the most friendless are those who are compelled to have dealings with,
and are exposed to the “tender mercies” of pawnbrokers, it is of the
utmost consequence that such men as follow the calling should be
honest, correct, and even humane characters. For the sake of honesty it
is to be hoped that there are many of this description; but a little,
and but a little unhappy experience when urgent necessity may compel
the unfortunate to have recourse to shops of this description, will
convince the most thoughtless person alive, that there are numbers
of heartless, griping, and extortionate scoundrels in that trade,
whose conduct and dealings are a disgrace to the most contemptible
sharper and swindler alive,—who by every species of fraud, extortion,
and oppression, rob, harass, and plunder the poor and the miserable,
and add to the distresses of those whose misfortunes have reduced
them to have dealings with the detestable harpies. The taking of
illegal and excessive interest is comparatively the least important
of their delinquencies, though this to the poor and unfortunate is
grinding in the extreme, as these knaves in their dealings with those
who have neither money nor friends, treat the act of Parliament for
the regulation of the Pawnbroking trade as a mere dead letter. The
substitution of articles of inferior description for such as are of a
greater value,—the taking off the gold hands and removing the interior
works of watches, and replacing them with others which resemble them,
of base metal or inferior value,—and the scraping or diminishing
articles of plate and the cases of watches, are well known to those
whose wants or emergencies compel them to send their property on its
travels up the spout of the pop-shop. And through the defect of the
law, and as the poet Crabbe says, “the protection of a drowsy bench,”
sufferers but rarely obtain any redress. A periodical writer, in
expressing his abhorrence of the frauds of these vermin, recommends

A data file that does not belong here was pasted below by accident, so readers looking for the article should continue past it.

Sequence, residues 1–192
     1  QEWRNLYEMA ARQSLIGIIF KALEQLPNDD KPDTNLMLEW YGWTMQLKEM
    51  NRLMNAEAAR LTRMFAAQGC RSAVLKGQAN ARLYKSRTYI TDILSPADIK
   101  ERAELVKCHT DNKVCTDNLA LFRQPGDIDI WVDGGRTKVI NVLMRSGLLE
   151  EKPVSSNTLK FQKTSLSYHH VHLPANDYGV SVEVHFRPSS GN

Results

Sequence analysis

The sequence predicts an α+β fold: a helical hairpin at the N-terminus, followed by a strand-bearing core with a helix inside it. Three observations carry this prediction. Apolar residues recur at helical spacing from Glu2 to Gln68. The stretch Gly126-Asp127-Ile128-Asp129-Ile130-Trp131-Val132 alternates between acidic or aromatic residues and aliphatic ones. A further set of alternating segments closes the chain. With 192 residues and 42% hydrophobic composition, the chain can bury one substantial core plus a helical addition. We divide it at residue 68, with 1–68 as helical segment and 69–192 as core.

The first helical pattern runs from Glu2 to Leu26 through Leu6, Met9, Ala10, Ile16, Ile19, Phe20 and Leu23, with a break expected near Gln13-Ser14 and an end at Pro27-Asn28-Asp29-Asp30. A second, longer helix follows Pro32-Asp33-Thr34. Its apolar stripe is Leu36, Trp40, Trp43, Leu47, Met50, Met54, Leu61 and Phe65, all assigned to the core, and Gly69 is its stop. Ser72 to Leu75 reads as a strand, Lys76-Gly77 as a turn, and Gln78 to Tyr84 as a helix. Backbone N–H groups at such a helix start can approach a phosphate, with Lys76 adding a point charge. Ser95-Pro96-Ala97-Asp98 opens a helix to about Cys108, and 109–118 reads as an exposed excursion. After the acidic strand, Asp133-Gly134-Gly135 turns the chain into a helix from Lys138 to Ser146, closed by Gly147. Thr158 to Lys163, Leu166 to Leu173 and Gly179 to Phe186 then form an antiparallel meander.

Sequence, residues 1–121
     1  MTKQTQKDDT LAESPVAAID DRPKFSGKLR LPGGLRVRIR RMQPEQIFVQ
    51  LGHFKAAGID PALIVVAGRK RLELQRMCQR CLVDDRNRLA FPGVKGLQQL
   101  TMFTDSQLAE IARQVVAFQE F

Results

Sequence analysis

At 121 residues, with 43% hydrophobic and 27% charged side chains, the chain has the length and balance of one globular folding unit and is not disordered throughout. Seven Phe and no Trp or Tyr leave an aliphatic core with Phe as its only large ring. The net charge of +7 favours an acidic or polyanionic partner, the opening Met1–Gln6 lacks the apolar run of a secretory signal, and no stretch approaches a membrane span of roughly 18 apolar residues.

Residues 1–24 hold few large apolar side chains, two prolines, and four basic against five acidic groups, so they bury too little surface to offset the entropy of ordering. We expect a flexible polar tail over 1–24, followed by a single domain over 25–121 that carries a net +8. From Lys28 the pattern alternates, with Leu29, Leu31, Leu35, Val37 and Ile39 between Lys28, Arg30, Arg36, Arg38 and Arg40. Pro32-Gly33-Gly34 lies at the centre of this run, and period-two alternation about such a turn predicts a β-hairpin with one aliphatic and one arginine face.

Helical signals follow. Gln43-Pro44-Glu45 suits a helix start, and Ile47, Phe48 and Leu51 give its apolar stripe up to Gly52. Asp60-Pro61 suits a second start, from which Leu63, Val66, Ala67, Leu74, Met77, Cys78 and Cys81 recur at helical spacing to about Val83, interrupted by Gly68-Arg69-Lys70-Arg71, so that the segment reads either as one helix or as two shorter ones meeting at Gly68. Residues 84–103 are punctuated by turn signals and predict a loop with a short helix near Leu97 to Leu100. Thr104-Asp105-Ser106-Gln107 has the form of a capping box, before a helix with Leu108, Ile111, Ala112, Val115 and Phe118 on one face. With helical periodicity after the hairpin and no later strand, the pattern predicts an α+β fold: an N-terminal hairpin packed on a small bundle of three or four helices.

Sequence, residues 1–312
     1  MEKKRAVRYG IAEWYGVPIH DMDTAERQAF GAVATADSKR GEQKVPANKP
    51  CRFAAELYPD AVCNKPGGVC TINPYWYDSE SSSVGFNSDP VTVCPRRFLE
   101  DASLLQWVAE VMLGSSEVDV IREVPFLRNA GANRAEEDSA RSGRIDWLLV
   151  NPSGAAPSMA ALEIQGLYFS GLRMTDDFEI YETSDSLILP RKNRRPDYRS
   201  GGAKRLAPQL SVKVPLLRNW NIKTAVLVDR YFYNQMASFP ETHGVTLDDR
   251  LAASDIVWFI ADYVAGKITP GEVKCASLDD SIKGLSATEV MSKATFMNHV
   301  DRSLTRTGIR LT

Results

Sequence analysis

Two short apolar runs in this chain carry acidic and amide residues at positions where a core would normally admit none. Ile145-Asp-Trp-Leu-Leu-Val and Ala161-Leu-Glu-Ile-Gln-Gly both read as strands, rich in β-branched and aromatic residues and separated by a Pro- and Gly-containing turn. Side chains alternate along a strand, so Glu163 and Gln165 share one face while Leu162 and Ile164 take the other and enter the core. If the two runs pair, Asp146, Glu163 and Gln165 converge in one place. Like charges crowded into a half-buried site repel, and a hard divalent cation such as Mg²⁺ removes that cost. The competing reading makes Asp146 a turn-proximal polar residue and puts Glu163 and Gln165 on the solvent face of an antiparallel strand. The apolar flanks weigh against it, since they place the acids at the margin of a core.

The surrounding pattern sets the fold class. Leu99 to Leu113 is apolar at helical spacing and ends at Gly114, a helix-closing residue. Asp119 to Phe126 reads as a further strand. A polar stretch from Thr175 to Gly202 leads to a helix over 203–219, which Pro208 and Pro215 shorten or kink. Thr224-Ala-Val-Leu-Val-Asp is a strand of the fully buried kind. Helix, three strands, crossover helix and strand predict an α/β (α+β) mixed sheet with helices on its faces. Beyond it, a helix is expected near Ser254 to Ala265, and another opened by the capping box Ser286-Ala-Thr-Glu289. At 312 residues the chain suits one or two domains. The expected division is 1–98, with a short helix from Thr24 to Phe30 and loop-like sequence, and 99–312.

the sufferers to lay “incessant informations against the malpractices
of these villains.” But had that kind-hearted man been acquainted with
the fact that informations have been repeatedly laid, and have always
miscarried, and will always miscarry while the law remains in its
defective state, he would, no doubt, have recommended a petition to
Parliament, praying to subject the infamous impostors to the punishment
of transportation for their audacious and daily frauds and swindlings
practised “on the children of sorrow and the heirs of unnumbered woes
and wants.” The fate of informations has been fully proved in the
numerous instances in which a scoundrel in the neighbourhood of Snow
Hill has defeated the purposes of justice by the contemptible quibbles,
evasions, and subterfuges resorted to by his attorney in all cases
in which he has been summoned before the magistrates at Guildhall,
and by whose very disgraceful objections as to technicalities, he has
contrived as hitherto, to laugh at and hold in contempt both Law and


“Where the noble mind’s o’erthrown.”

How true is the remark that “the history of the _Red_ and _White
Houses_,” like that of the Red and White Roses, would afford many
interesting though appalling particulars were they collected in a
detailable form.

      “For who to that dread spot consigned,
      Amid the maniac’s horrid yell
    Has liv’d, and in that den confined,
      Could not some secrets of the madhouse tell.”

“Yes! there still live some few who have escaped perpetual torture and
confinement, which the soothing care of _disinterested friends_ would
have buried alive in those inquisitorial receptacles, but for the acute
discernment of the eye of humanity, which accident or curiosity had
directed to the spot.

“Of private madhouses there has long been but one prevailing opinion.
The generality of them are instituted as a medium of existence by
talentless and avaricious individuals, who are better, by far, adapted
for the office of turnkeys to Newgate, than for the exercise of such
moral and physical means as would appear calculated to restore lost
reason. They manage these things much better in Paris; but it is not
our intention to enter into particulars as regards the management of
these licensed houses of correction in the home department, where every
fibre of humanity appears paralysed, where victims are left to linger
out their miserable and wretched existence, and to perish by means we
know nothing of.” Instances innumerable are on record of the improper
treatment of the unhappy persons immured in these dreary abodes; the
inquest that sat at the Elephant and Castle, Pancras Road, on the body
of a poor woman named Ann Goldstock, alias Coldstock, in the month of